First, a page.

Lest while reading this series you may think that I am a soft and timid person, I want to dispel that notion right now. My husband and I raised six children and had three others in our home that we kept for a considerable amount of time, influencing them for their full potential. We also had two dogs.

When I say that I cried a lot, I did. But after wiping my tears I continued to work and nurture Jonathan so that he can survive in a world that really doesn’t love children and would rather them be a statistic for a report than a person of strength and an asset to their community and society. I am not intimidated by the world’s skewered idea of parenting. Case and point:

I was on my way down to wash clothes. I had two laundry baskets full of dirty clothes, plus the detergent and softener, and a change purse full of quarters. Jonathan was about 5 years old, I think. I said, Jonathan get that laundry basket and take it downstairs. His reply was, “Mom, it’s too heavvvvv” (heavy). I repeated, “I said pick up that laundry basket and take it downstairs.” He said, “It’s too heavvvvv.”  Now for the record, it was ‘heavvv’, but my Jonathan is unusually strong, and he was big for his age. He is also a member of our family and in our home we always taught that everyone work together so that one person wouldn’t have to do everything. That kind of systems breeds anger, resentment, and strife.

Well, Mr. It’s too heavvv found out that Mom wasn’t concerned about it being heavvv. I reached for my little wooden backscratcher, and before I could even get it in  my hand, he had the very heavvv basket, opened the apartment door and was down the stairs before I could even pick  up my own load of clothes. I laughed a lot while I stumbled down the stairs.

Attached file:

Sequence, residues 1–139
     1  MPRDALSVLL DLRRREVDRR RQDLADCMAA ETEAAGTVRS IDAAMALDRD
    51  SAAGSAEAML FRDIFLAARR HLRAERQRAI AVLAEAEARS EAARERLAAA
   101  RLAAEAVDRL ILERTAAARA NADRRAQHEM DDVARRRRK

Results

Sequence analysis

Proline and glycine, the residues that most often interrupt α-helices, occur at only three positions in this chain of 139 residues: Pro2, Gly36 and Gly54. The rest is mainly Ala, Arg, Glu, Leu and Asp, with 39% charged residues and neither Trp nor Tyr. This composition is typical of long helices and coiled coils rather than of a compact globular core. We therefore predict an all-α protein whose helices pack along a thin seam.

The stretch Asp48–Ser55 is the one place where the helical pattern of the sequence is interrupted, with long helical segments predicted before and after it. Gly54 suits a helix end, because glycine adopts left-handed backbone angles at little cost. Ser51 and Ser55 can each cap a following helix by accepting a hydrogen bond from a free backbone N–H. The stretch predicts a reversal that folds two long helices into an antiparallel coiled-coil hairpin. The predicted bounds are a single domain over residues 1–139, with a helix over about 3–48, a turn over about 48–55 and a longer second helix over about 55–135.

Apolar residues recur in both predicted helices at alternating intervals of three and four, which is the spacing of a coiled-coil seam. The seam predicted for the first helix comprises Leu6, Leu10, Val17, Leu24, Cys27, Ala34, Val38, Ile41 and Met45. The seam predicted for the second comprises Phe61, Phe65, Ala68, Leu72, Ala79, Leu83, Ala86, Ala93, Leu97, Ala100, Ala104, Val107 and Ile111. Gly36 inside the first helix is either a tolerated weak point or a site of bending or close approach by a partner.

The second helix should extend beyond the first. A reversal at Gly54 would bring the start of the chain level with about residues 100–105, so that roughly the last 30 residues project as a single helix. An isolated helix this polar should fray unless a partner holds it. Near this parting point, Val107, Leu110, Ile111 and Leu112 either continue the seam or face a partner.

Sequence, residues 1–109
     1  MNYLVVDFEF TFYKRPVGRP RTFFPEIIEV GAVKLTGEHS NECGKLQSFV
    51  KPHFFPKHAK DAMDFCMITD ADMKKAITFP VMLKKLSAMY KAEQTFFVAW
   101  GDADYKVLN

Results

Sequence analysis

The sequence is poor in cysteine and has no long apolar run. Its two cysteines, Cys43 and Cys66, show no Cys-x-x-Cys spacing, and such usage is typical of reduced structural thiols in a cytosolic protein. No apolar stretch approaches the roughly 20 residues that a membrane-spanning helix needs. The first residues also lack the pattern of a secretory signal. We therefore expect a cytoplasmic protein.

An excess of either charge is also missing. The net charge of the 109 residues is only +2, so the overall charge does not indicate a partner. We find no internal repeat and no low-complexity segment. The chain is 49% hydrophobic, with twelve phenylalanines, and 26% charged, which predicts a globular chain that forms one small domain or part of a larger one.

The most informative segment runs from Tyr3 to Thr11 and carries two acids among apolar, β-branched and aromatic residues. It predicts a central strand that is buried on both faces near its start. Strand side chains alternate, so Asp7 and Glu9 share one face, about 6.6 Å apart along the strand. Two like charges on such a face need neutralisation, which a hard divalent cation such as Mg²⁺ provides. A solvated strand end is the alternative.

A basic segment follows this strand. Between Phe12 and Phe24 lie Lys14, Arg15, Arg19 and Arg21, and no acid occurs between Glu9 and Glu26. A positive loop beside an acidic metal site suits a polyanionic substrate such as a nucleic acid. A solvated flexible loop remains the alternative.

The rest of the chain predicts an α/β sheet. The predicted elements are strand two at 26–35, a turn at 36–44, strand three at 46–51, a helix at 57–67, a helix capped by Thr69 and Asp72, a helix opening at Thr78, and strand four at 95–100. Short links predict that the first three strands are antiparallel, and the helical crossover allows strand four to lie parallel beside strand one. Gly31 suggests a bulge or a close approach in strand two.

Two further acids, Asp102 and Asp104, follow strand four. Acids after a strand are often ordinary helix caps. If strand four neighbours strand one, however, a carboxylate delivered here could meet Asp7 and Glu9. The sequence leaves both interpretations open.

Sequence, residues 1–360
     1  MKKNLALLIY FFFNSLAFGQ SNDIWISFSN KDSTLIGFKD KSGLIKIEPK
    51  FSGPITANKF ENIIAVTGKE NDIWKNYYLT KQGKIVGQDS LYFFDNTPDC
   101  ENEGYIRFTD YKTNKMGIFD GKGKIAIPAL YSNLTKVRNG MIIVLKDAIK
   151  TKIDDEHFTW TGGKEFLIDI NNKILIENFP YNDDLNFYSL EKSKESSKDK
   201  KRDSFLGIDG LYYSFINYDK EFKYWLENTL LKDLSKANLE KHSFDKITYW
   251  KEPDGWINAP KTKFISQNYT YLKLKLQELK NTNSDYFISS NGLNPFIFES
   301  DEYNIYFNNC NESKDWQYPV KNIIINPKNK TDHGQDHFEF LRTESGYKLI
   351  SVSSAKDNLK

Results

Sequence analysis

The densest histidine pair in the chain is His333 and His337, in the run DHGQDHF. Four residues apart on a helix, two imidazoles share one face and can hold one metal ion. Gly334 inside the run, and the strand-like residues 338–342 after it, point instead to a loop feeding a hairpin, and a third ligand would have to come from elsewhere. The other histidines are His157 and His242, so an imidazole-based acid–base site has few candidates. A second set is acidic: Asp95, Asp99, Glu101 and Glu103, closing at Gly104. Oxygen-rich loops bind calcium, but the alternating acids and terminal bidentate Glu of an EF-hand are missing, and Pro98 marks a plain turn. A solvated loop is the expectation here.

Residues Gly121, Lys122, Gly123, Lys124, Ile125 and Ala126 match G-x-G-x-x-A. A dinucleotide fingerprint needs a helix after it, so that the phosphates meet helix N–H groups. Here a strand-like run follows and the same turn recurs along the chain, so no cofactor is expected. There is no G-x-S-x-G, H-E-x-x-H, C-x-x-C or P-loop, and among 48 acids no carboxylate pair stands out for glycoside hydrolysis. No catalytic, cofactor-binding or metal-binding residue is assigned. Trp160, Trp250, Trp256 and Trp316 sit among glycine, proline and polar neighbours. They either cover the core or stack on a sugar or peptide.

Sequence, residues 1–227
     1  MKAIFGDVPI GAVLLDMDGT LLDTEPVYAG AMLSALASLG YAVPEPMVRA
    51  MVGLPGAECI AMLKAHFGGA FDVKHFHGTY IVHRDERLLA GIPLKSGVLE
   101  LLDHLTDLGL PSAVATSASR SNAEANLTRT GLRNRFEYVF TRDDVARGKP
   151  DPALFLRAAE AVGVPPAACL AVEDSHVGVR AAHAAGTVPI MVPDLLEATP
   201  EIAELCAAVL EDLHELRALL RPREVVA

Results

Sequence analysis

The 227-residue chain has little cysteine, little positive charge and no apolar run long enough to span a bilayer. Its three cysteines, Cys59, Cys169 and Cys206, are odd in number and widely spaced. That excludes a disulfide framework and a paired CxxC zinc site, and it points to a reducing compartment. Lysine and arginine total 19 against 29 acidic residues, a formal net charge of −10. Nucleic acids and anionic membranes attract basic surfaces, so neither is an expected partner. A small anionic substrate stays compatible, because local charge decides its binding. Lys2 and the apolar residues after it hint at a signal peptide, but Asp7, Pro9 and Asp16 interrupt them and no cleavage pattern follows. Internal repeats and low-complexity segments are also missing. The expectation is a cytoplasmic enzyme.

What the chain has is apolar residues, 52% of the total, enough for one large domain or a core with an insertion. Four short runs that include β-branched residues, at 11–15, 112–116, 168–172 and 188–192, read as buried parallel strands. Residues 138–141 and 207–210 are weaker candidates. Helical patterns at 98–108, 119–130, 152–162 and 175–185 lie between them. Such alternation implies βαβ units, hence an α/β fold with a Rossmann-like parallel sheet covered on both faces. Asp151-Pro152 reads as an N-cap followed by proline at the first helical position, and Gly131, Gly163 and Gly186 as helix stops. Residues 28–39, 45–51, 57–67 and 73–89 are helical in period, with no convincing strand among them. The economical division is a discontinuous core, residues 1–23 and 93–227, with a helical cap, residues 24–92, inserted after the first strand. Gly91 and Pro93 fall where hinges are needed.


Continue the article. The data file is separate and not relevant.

dirty laundry in a basket, white background

The moral of the story: I refuse to let my grandson be a liability, even with all of his challenges. I raise him as if he has no additional challenges other than what is common to all children growing up. I know he has them, but I don’t brandish them to him or anyone else. I also refuse to handicap or disable him. More tomorrow.

I’ve told all my children this: Your shoulders have to be big enough for someone else to lean on.



3 thoughts on “JONATHAN’S WAY CHAPTER 11

  1. I taught myself to do laundry at age 14, shortly after my dad died and my mom was working full time. They didn’t want me doing certain things like cutting grass or operating heavy machinery due mostly to my motor skills. They DID, however (thanks, Mom and Dad) instill a work ethic. Doing my personal best, what I WAS capable of doing was expected. In my own time, I was able to handle the washing machine and drier. Other things like driving a car would be tried, but not mastered.

    Liked by 1 person

  2. Wow, thanks again for this information. It let’s me know that I am going in the correct drection with my Grandson. He still shows some signs of resisting changes, but I believe that is just young children growing up.
    My author friend will be fortunate, when her show begins, to have you as a guest on it. I appreciate you.

    Liked by 1 person

    1. Thank you. I appreciate my parents teaching me to do what I could do, some things I could not do I still can’t and others I learned. I can’t thread a needle to mend a torn off button, nor am I a good cook, but I can use the microwave and got a cookbook (Dump Dinners by Kathy Mitchell) that makes cooking very easy to do and affordable. I give back now and then by doing that. I also had a cat-sitting job 4 years ago & I credit that for my being able to take stock of a house and clean it (forget the china cabinet, though 😉 Not so much a total shock with my mom died 2 years ago with not knowing how to manage. I can’t lift and do yard-work. My body is against me, but I do sweep and water the flowers when needed. It’s a trial and error process. Thank you for your kind words. The world needs more of them:)

      Liked by 1 person

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